The demand for e-government services – that is, the delivery of government services through the Internet – continues to increase as citizens and businesses spend more and more time online. There is the expectation that e-government will make government institutions more efficient, accountable and accessible to the public. The states have made significant progress toward these ends as many government services and associated transactions may now be fully executed over the Internet. States are moving further in the development of e-government as services and their related agencies are integrated with one another, a trend which will likely have a tremendous impact on the structure of state government in the near future.

As states continue to implement the Temporary Assistance to Needy Families (TANF) block grant, they will need to address issues such as rapidly approaching time limits on federal assistance and the importance of enhancing supports to promote job retention and advancement. In addition, as Congress considers the reauthorization of TANF and other income-security programs, states will want to give close attention to both programmatic aspects of any reauthorization proposal and to their impact on state and local flexibility.

For too long, too little attention has been paid to the administrative arena of state government. This article examines recent trends and emerging issues in the scope, size and structure of state administration and the status and skills of administrators. The authors analyze data collected as part of the American State Administrators Project to identify trends in the personal and educational attributes and career paths of top-level state administrators.

The mission of emergency management has expanded in recent years beyond traditional disaster preparedness and response. A strengthened national program incorporating today’s all-hazards approach to emergency preparedness is needed if states are to meet the evolving challenges of overall public safety and domestic security. The challenge of terrorism preparedness, in particular, is to avoid creating a separate response mechanism for terrorist events, and to focus on enhancing the nation’s existing emergency-management system, which has been tested and proven effective in the nation’s largest disasters.

During the past 10 years, states have become the primary environmental-protection stewards of the nation. Five policy indicators show the growth of the states’ role: delegated programs, fiscal commitments, enforcement of environmental laws, development of innovative programs and contributions to environmental information. This article reviews research conducted over the past 15 years at The Council of State Governments, the Environmental Council of the States and elsewhere that documents this growth.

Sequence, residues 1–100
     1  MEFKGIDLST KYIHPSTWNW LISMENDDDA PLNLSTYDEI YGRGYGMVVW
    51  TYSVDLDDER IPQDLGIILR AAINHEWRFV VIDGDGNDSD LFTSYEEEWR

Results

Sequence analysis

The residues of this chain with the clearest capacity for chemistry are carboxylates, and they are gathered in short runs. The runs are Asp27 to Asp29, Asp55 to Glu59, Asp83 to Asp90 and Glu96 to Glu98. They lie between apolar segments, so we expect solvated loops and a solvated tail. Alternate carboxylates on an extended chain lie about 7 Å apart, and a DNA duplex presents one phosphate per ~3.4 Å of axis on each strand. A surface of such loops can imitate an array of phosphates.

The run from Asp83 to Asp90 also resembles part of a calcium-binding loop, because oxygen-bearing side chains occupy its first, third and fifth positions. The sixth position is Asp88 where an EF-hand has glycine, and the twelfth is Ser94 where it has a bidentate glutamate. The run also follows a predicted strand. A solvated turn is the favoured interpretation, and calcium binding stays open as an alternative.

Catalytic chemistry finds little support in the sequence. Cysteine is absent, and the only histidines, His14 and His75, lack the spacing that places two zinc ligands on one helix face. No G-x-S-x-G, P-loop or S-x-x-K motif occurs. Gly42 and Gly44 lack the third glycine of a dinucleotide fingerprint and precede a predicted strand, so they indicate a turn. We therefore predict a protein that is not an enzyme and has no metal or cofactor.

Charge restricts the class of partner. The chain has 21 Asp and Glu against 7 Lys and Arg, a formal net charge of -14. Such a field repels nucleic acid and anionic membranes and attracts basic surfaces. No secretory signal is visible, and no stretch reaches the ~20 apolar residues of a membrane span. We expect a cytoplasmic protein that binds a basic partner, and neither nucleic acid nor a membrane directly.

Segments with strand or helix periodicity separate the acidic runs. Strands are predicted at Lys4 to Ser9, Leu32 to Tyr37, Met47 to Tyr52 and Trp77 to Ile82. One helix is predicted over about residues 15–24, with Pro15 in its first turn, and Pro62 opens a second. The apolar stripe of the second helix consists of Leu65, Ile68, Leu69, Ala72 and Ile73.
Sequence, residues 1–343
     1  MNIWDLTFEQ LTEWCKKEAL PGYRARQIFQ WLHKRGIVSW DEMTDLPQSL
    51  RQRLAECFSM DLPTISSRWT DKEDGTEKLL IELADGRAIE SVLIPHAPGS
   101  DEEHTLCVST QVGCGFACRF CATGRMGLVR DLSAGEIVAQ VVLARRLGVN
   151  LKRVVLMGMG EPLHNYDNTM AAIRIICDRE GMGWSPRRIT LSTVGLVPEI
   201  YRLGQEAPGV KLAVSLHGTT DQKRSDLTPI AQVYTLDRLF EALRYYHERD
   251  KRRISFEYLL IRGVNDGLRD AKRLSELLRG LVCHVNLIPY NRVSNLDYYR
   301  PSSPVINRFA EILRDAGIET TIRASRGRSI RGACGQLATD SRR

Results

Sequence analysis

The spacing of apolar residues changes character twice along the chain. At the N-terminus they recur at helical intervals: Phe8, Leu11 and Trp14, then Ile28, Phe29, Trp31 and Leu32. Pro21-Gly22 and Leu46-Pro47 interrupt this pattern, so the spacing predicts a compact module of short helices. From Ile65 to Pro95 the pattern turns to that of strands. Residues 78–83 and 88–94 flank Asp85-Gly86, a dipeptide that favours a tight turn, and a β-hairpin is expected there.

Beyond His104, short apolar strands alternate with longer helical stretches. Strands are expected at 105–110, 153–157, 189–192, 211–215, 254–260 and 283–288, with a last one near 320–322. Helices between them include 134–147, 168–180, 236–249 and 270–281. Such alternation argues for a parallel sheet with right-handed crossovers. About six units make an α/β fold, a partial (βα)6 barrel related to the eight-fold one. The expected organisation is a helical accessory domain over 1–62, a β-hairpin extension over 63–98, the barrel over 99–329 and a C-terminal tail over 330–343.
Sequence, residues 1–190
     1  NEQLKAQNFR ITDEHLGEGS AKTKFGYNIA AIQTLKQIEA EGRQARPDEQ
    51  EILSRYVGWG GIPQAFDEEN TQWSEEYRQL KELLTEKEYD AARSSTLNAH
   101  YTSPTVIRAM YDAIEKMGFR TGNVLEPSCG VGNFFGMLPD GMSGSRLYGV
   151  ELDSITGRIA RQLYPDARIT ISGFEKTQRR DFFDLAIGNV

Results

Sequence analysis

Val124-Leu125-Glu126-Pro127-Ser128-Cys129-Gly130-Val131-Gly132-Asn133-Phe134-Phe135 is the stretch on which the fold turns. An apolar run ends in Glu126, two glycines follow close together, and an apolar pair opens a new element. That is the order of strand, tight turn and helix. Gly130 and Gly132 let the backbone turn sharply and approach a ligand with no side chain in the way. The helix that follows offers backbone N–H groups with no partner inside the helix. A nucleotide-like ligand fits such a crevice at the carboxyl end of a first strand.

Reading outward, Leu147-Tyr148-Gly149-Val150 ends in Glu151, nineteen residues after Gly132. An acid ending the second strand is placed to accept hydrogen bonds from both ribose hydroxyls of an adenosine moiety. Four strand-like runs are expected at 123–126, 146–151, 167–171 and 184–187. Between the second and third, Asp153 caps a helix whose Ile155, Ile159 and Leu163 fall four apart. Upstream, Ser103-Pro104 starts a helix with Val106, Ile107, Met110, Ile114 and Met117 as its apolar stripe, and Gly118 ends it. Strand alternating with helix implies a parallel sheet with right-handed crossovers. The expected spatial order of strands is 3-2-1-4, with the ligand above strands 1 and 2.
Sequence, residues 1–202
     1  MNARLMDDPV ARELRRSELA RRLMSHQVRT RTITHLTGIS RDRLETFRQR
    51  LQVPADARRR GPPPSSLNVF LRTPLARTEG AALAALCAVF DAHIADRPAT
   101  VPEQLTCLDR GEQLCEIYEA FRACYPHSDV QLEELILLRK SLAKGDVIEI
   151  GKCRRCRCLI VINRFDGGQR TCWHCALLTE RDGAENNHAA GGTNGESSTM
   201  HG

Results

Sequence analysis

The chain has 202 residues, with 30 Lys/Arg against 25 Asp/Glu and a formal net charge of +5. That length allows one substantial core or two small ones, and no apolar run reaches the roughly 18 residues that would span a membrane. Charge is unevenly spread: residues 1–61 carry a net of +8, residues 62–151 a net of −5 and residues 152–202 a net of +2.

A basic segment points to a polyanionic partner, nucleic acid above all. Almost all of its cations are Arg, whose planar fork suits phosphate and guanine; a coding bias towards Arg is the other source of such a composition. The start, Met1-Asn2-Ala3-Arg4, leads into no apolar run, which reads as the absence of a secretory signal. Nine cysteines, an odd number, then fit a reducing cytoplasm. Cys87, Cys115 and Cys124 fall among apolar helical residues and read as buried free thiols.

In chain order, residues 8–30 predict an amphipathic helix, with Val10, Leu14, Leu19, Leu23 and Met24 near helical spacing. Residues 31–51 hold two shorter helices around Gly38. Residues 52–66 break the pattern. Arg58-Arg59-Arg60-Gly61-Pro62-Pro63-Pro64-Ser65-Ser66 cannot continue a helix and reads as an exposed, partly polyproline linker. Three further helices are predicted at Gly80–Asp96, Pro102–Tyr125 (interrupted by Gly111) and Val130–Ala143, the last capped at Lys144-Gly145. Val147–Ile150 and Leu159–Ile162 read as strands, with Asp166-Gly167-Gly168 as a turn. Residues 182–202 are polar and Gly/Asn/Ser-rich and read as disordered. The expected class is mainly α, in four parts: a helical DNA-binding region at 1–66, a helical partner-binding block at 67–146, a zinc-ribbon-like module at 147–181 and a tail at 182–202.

The most innovative and productive state agencies do not simply execute one good program. Rather, they integrate advanced management techniques into a comprehensive approach to productivity improvement. Productive state-government agencies stress multiple measures: internal capacities, outputs produced and outcomes achieved. They use performance measurement and evaluation to help establish goals and measure results, estimate and justify resource requirements, reallocate resources, develop organization-improvement strategies and motivate employees to improve performance.

This article traces the governorship in recent decades. It examines who the governors are, how they became governors and some of their recent political history. The author discusses the timing and costs of gubernatorial elections, as well as the powers these officials have and the  priorities of our current governors. Finally, the article points out the need for continuing efforts to reorganize state executive branches across the country, especially as states continue to maintain a myriad of other separately elected executive-branch officials.

Chapter 8 of the 2002 Book of the States contains the following articles and tables:

Chapter 4 of the 2002 Book of the States contains the following articles and tables:

If Americans do not have faith in the election process, then it will be impossible for them to believe in the government that results from that process. This fundamental truth is why it is critical for state legislators and policymakers to examine current circumstances and make necessary changes to ensure the health and well being of the electoral process. This article examines the roles of state and local governments in election reform and recommends 12 minimum state-level reforms. The author examines challenges states will face in the future.

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